After fifteen years of negotiations, the UN adopts the Treaty for the Protection of Biodiversity in the High Seas!
After two weeks of work and a final session in marathon mode lasting more than 36 hours, the negotiators were able to remove all obstacles to the adoption of the text of the international treaty on biodiversity on the high seas.
Although three States are not satisfied with all the provisions of the text and have expressed reservations about the final draft, the conclusion of these negotiations represents a historic moment for the Ocean, which lacked a protection instrument for biodiversity beyond the coastal areas under national jurisdiction. The text will now be forwarded to a working group that will review the consistency of legal terms in the different UN languages.
Since the official start of the negotiations in 2012, the discussions have been difficult in many respects, particularly concerning the status of the high seas, which represent more than 70% of the Ocean, i.e. half of the total surface area of the planet! In a few words, the States were divided between those who wished to retain the principle of freedom of the high seas and those who wished to consider them as the common heritage of mankind, implying a regime for sharing the profits from the commercialisation of marine resources.
Despite this particular issue, which almost prevented the agreement from being reached in the end, there were also other very difficult points of negotiation, linked to very political issues, in particular :
- On the conditions for the establishment and management of future Marine Protected Areas (MPAs) on the high seas. Exit options and other special clauses for regions under geopolitical tension, such as the Arctic or the China Sea, were adopted.
- On the status, access and traceability of genetic data of marine resources. The definition of a mechanism for managing genetic information has been difficult, due to a complex overlap with some provisions of the Convention on Biological Diversity (CBD).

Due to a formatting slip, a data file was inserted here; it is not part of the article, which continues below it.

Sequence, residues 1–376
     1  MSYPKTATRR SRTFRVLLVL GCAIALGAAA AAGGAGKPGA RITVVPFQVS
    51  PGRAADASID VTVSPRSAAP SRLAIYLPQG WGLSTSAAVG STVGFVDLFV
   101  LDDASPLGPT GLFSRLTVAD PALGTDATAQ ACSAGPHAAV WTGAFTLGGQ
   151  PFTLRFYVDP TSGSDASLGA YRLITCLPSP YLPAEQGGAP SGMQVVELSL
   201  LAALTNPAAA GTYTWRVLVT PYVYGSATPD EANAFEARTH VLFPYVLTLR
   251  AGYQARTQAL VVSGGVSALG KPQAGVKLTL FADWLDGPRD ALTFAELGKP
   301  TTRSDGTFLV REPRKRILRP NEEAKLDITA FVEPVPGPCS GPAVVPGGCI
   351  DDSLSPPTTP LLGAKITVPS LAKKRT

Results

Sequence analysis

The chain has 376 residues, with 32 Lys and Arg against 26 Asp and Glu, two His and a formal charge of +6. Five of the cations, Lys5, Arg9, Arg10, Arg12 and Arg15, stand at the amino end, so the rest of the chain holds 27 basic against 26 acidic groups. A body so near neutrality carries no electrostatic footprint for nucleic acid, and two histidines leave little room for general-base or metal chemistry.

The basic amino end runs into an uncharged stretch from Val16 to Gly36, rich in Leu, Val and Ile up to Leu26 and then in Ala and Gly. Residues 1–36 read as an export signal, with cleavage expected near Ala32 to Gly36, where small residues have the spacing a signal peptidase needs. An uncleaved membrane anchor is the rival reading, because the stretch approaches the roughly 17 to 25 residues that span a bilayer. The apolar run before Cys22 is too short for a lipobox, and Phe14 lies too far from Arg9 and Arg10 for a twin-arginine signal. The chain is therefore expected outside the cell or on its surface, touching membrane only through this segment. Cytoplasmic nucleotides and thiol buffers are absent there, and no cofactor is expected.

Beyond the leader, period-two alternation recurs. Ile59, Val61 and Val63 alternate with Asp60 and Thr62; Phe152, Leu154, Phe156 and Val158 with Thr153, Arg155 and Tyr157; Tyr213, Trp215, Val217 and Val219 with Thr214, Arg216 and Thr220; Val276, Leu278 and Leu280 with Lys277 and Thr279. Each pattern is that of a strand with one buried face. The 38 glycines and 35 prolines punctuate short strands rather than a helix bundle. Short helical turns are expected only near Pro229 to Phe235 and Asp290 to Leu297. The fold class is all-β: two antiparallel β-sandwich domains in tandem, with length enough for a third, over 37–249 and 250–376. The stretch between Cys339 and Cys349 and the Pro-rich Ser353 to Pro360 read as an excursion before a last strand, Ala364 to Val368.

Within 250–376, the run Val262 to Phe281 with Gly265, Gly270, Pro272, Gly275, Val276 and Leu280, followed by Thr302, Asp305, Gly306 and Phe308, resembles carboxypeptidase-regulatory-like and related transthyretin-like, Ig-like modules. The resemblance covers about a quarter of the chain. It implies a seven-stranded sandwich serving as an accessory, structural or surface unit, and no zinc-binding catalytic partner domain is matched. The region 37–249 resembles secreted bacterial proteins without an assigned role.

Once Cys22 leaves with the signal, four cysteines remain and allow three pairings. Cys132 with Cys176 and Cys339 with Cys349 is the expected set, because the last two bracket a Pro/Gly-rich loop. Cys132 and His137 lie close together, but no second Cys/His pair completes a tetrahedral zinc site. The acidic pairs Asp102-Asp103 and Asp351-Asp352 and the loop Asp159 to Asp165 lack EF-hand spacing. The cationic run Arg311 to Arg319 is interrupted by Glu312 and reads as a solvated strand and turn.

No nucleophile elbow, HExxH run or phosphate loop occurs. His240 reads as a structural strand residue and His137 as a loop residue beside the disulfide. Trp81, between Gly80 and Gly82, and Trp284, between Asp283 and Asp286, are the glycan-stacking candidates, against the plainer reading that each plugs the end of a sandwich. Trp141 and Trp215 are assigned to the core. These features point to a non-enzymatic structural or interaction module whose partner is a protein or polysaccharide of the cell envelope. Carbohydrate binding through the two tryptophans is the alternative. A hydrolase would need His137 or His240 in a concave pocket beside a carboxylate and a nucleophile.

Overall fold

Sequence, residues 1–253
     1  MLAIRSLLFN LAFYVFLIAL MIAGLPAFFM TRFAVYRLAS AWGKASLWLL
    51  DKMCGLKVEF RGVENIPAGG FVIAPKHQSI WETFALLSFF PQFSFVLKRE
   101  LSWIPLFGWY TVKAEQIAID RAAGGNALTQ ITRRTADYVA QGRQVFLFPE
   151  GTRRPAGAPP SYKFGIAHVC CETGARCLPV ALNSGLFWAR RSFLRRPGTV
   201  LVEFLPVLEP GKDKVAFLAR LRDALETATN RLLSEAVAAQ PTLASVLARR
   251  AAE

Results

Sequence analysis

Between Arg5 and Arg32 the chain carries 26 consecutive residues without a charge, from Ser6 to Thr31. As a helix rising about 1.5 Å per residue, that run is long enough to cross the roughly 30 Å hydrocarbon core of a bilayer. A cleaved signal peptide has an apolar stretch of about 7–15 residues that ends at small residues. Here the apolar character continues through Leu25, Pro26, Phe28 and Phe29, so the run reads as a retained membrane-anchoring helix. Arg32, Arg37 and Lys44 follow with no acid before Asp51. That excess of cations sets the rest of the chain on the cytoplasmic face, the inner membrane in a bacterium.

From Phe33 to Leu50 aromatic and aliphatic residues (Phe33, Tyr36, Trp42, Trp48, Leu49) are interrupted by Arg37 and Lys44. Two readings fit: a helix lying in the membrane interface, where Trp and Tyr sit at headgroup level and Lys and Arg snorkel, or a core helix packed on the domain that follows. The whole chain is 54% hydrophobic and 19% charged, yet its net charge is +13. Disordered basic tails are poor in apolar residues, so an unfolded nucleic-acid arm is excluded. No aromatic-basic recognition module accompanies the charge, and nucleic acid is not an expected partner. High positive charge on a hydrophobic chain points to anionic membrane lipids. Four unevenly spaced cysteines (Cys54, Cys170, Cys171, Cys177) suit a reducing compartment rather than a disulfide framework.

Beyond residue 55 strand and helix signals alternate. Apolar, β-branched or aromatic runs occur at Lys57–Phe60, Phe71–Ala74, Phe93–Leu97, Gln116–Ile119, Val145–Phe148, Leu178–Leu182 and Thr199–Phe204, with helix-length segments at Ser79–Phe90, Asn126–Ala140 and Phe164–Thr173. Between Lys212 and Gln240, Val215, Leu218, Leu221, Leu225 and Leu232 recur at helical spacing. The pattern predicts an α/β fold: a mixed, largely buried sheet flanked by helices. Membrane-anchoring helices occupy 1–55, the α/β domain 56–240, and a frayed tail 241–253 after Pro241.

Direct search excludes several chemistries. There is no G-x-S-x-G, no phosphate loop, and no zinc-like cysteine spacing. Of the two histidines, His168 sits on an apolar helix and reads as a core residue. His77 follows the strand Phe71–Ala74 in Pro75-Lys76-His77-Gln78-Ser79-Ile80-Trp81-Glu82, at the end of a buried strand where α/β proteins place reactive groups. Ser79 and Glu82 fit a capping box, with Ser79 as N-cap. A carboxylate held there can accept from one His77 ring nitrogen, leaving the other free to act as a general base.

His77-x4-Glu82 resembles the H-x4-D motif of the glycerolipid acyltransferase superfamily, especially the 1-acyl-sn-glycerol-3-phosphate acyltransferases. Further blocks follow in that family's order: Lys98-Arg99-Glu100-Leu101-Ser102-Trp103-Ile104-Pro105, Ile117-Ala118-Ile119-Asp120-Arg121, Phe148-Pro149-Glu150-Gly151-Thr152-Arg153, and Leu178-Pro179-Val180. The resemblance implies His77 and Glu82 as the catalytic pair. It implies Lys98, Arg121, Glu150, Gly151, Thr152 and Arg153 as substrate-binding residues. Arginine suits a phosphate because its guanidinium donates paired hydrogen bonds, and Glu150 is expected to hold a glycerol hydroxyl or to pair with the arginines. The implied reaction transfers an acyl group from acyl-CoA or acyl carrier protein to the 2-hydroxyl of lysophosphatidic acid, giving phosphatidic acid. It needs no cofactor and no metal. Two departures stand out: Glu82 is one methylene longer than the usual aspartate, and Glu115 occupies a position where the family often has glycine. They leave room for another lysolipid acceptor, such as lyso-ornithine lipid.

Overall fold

- On funding mechanisms. The confirmation of the amounts allocated to the special fund that will have to ensure training and access to these resources for developing countries.
On these points, everything still seemed to be blocked on the morning of the last day of the negotiations. Some observers even reported a failure during the day on Friday. But in the end, the persistence of Chairperson Rena Lee, as well as the skill and dedication of the negotiators and observers, led to compromises on both sides, allowing the text to be cleaned up to a final draft acceptable to almost all countries, with the exception of Russia, Turkey and Nicaragua, who asked for time to ratify their decision.
It is important to emphasise that the text is historic because it is a legally binding instrument, not just a collection of goodwill. It creates a new international authority for the high seas, with its own secretariat, scientific council and ‘COP’ as its executive body. From now on, we must first work towards its ratification as soon as possible, and then conclude, at the first Conference of the Parties, several technical points that have not yet been defined.
We hope, as it was the case for the Paris Treaty, for a rapid ratification, allowing us to launch the first Conference of the Parties in 2025, when the States will concretely define the deadlines and consultations necessary to establish the Marine Protected Areas, the modalities of financing research or the different roles of the scientific council.
The Tara Ocean Foundation is particularly pleased with this success, as we have been working on it since the preparatory sessions held at the Rio+20 Conference in 2012. We have come a long way, but we finally have this treaty!
By André Abreu, Director of Advocacy and International Cooperation.